Royal Icing

Whipping it Up! Royal Icing

What is Royal Icing?

Royal icing is a hard white icing, made from softly beaten egg whites, icing sugar, and sometimes lemon or lime juice. It is used to decorate Christmas cakes, wedding cakes, gingerbread houses, cookies and many other cakes and biscuits. It is used either as a smooth covering or in sharp peaks.

Ingredients

500g Whipping it Up! Flavour of your choice
118ml of lukewarm water
 
If you don’t need this much mixture, half both ingredients and half again until you get the amount you need.
 

Instructions

Place the Whipping it Up! powder and water in a large mixing bowl, and whip (with the whisk attachment) whip on medium speed until very stiff and thick (the royal icing should hold a stiff peak). Scrape down the sides as you go to make sure there’s no residual powder. Tint as needed with gel  colours.

  1. In the bowl of a stand mixer, combine the Whipping it Up! mixture and lukewarm water. In this context, “lukewarm” means just slightly warm to the touch.
  2. Use a whip attachment to whip the mixture on high until frothy. Scrape down the sides as you go to make sure there’s no residual powder.
  3. Pro tip: Use a water bottle to lightly spray the sides before scraping them. This will help ensure that the powder dissolves and your royal icing is lump free.
  4. Whip the royal icing until you’ve reached the desired consistency.
  5. If you need more than one consistency, whip your royal icing to the stiffest consistency and add a few drops of water at a time to the remaining icing to water it down to the desired consistency.

You may be wondering, “Ok, if I’m supposed to whip the royal icing to the desired consistency… what consistency should I be using?” Great question! This really varies from cookie to cookie and project to project.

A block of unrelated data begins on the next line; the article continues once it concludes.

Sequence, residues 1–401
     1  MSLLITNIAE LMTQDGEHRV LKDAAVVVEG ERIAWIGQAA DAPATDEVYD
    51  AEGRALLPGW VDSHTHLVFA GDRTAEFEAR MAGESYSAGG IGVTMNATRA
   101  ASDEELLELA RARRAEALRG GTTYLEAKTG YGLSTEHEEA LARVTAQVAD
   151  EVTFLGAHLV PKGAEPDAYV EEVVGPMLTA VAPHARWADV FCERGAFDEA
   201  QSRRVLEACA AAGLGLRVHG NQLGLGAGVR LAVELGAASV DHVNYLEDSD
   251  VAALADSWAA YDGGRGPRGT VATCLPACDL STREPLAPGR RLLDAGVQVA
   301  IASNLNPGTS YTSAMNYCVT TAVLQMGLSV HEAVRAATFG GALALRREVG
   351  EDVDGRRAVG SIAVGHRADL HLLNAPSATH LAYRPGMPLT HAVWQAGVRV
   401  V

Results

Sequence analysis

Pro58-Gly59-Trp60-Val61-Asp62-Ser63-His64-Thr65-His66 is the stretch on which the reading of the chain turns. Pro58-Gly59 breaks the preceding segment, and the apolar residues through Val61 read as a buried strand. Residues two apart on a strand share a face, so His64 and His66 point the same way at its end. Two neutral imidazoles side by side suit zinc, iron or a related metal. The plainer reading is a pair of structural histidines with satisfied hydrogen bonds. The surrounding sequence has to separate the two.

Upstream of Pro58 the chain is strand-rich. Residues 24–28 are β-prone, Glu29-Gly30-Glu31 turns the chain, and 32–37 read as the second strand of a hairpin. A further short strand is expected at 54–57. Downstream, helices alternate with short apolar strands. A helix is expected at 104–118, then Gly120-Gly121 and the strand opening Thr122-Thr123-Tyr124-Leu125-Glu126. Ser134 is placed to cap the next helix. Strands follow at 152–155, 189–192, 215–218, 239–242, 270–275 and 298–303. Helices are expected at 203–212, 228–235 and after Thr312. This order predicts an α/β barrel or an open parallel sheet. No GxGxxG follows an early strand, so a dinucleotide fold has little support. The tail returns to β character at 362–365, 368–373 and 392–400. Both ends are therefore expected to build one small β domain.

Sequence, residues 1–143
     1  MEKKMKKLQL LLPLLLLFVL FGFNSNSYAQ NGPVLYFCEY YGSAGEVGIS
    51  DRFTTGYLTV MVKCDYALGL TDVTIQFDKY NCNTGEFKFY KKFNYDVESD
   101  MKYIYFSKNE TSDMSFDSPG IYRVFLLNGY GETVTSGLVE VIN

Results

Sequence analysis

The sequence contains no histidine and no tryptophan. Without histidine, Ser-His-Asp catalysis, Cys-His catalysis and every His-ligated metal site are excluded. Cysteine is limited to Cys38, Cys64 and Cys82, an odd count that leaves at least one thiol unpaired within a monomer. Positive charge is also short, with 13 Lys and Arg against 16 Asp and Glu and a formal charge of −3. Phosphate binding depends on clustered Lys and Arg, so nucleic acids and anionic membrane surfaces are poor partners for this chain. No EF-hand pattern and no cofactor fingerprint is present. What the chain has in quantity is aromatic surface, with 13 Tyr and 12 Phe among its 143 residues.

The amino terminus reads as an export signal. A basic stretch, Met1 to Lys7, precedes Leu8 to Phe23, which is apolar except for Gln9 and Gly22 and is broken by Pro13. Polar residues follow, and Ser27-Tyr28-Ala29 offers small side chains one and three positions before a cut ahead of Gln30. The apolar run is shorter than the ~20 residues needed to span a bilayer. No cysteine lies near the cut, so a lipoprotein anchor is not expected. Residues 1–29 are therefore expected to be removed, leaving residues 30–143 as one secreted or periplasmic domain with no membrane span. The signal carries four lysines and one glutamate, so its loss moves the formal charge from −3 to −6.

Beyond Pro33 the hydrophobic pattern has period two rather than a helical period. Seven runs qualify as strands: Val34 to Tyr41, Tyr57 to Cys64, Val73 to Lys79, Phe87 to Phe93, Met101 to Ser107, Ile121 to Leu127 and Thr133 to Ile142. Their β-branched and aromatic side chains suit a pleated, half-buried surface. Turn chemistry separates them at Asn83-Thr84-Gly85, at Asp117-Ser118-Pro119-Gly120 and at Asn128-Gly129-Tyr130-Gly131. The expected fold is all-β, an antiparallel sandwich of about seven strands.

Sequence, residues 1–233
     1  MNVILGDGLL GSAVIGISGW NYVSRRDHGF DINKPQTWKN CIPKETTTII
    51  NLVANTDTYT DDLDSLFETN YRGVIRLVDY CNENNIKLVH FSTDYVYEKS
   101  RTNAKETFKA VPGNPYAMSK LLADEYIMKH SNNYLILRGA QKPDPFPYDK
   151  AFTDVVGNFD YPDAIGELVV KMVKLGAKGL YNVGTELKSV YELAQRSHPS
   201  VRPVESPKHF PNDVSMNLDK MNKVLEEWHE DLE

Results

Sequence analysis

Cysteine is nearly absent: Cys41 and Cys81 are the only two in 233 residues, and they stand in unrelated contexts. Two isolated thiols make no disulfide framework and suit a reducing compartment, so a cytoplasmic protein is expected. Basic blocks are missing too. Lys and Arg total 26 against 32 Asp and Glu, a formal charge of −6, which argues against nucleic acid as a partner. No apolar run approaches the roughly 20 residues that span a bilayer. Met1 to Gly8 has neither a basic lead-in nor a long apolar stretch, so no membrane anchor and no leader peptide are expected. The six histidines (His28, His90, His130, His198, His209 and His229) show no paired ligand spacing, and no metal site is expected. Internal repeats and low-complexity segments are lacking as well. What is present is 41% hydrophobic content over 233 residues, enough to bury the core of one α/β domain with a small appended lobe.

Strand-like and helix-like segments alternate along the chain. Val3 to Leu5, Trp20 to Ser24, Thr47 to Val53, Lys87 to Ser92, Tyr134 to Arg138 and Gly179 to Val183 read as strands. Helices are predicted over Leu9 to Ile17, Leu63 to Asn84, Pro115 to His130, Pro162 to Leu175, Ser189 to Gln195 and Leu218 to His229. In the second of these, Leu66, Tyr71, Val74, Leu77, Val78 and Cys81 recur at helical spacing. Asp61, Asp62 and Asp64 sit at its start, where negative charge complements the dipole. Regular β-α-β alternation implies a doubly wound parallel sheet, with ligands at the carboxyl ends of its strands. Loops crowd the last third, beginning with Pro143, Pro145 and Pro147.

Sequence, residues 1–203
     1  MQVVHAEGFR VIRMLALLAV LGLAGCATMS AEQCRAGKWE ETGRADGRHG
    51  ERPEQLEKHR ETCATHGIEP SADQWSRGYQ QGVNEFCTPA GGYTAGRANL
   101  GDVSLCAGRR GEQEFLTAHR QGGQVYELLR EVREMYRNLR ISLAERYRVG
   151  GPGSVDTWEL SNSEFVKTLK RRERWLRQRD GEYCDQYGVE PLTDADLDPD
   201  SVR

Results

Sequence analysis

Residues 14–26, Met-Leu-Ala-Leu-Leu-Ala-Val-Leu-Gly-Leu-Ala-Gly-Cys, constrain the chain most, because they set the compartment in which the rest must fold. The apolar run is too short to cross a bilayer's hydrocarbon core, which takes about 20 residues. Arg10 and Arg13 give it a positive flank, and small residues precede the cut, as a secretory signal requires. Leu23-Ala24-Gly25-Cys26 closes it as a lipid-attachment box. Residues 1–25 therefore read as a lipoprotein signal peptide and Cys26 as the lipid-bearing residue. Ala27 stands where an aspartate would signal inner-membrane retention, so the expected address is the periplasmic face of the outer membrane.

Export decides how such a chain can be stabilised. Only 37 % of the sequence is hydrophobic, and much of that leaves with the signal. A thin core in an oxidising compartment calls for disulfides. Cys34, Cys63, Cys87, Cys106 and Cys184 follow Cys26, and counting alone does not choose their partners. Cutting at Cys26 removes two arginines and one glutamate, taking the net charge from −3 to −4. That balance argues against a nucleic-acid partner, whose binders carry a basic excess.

Some people like to use a piping consistency to outline their shape before filling it in with a flood consistency icing, while others like to use one consistency for filling their shape.

It also depends on the task. Are you covering a cookie? Piping lettering? Creating flowers or other intricate designs?

Stiff Icing: As the name implies, this the thickest/stiffest consistency of icing you’ll use when decorating cookies. This icing will hold a very stiff peak and has a spreadable, frosting-like consistency.
Uses: Flowers/succulents/other intricate shapes that need to hold their form like brush embroidery. 

Piping Icing: This is best described as a medium consistency icing. It should hold a soft peak that doesn’t spread when piped. Think soft serve ice cream.
Uses: outlining cookies, lettering, detailing/filigree, piping borders

20 second icing: This isn’t a consistency you see called out very often.

If you’re unfamiliar with icings that are delineated in seconds, the seconds simply stand for the amount of time it takes the icing to reabsorb and return to a smooth finish.

In other words, if you pick up a spoonful of icing and drop it back in the bowl, this icing will take approximately 20 seconds to reabsorb. This icing lies somewhere between piping icing and flood icing.

Rather than outline and fill, pipe an entire layer of this icing straight onto the cookie, use a toothpick to work it into place, gently shake/tap and it’s good to go.

Uses: Filling or covering cookies, royal icing transfers, building dimension, wet-on-wet.

Flood icing: This is the thinnest icing you’ll use when decorating your cookies and it’s used primarily for filling in areas that have been outlined with piping icing. This icing should be right around a 10-12 second consistency.
Uses: flooding outlined areas, wet-on-wet

Top Tip: Use a water bottle to lightly spray the sides before scraping them. This will help ensure that the powder dissolves and your royal icing is lump free.

How do I store royal icing?

Royal icing made with powdered egg whites can be stored at room temperature. To keep the royal icing from crusting, place a piece of plastic wrap directly on the surface of the royal icing.

If you keep it for more than a few days, the water may start to separate from the icing. This doesn’t mean you can’t use it, but you’ll want to give it a good mix before you do. You can store royal icing in this manner for about 2 weeks.

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